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Facts on H.R. 10, the Financial CHOICE Act of 2017

Recently, the House passed H.R. 10, the Financial CHOICE Act of 2017, legislation to amend the Dodd-Frank Wall Street Reform and Consumer Protection Act – the most sweeping financial regulation of our time – to deliver meaningful relief to financial institutions and consumers across the nation.

To begin with, I’m incredibly pleased to see the House Financial Services Committee exercise regular order to advance the CHOICE ACT, a bill that underwent several Committee hearings and an extensive three-day markup process before it was brought to the House Floor for a vote.

In regards to the claim that this bill is a hand out to Wall Street, nothing speaks more to that point than the fact that the big banks on Wall Street – the main beneficiaries of Dodd-Frank – are staunchly opposed to this legislation.  It’s also ironic that the Members of Congress who are opposed to the CHOICE Act, are the same Members receiving hundreds of thousands of dollars in campaign contributions from the big banks opposing this bill.  

Since Dodd-Frank’s implementation, community banks are closing on average of one per day, while big banks continue to grow.  As our community banks collapse, life has only gotten harder for families, veterans, and first-time homebuyers who are unable to get the support they need to get off the ground. 

The CHOICE Act is  common-sense. It’s an innovative approach to reforming our financial sector in a way that will help revive our economy, protect consumers, and get America back on track. Most importantly, it will save hardworking Americans billions of dollars by finally putting an end to “too big to fail” and abolishing taxpayer-funded bailouts – a strategy that Dodd-Frank actually endorsed. I’m pleased to see the House take swift action to pass this legislation, and hope that my colleagues in the Senate will follow our lead.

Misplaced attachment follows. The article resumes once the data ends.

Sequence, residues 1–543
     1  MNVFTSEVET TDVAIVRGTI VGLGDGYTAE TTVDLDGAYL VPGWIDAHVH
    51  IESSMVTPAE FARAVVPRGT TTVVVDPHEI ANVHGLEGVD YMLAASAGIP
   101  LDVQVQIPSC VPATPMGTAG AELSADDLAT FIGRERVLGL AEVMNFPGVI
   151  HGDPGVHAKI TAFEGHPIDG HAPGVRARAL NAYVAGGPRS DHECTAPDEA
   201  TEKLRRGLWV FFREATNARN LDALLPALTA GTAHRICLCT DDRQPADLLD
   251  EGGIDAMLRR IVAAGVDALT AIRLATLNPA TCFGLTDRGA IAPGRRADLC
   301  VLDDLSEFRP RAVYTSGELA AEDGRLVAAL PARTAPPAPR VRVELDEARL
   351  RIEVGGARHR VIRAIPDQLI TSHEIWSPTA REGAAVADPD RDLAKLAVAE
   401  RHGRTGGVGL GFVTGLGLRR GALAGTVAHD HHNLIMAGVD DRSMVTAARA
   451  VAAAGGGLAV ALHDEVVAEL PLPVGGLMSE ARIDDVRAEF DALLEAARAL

Background on H.R. 10, the Financial CHOICE Act of 2017: 

Reins in the unchecked authority of the Consumer Financial Protection Bureau (CFPB)

  • Brings CFPB under the authority of the Office of Management and Budget (OMB)
  • Subjects the CFPB to appropriations
  • Allows the director to be removed at will for any reason by the President 

Ends Taxpayer-funded bail outs

  • Repeals the Dodd-Frank established authority for the Treasury to use tax payer dollars to bail out wall street and big banks.
  • Replaces this with a new chapter of the Bankruptcy code which is structured to meet the needs of large financial institutions

Increases penalties for Wall Street bad actors and looks out for the average investor

  • Allows the SEC to triple its fines in administrative and civil litigation
  • Allows SEC to fine the ill-gained profits from fraud
  • SEC will be allowed to return the penalties to the victims instead of only to the Treasury
  • Allows SEC to charge fines commiserate with the size of consumer loss instead of one set fine for all

Increases access to capital 

  • Includes about 20 bills already passed through the House which make access to capital easier particularly for start-ups (H.R. 79, the Helping Angels Lead Our Start Ups Act is one of those bills).

Uplifts Community Banks and Credit Unions

  • Allows small banks and CUs to appeal bank exam decisions to an independent 3rd party
  • Carves small banks and CUs out of qualified mortgage rules
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